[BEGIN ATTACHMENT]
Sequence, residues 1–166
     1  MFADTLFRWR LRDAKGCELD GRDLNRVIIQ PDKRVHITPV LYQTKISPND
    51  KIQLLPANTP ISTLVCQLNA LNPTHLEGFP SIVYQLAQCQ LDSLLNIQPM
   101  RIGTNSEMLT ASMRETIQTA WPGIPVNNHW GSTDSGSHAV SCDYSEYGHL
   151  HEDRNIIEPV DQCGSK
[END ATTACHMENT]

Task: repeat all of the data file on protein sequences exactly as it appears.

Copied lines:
Sequence, residues 1–166
     1  MFADTLFRWR LRDAKGCELD GRDLNRVIIQ PDKRVHITPV LYQTKISPND
    51  KIQLLPANTP ISTLVCQLNA LNPTHLEGFP SIVYQLAQCQ LDSLLNIQPM
   101  RIGTNSEMLT ASMRETIQTA WPGIPVNNHW GSTDSGSHAV SCDYSEYGHL
   151  HEDRNIIEPV DQCGSK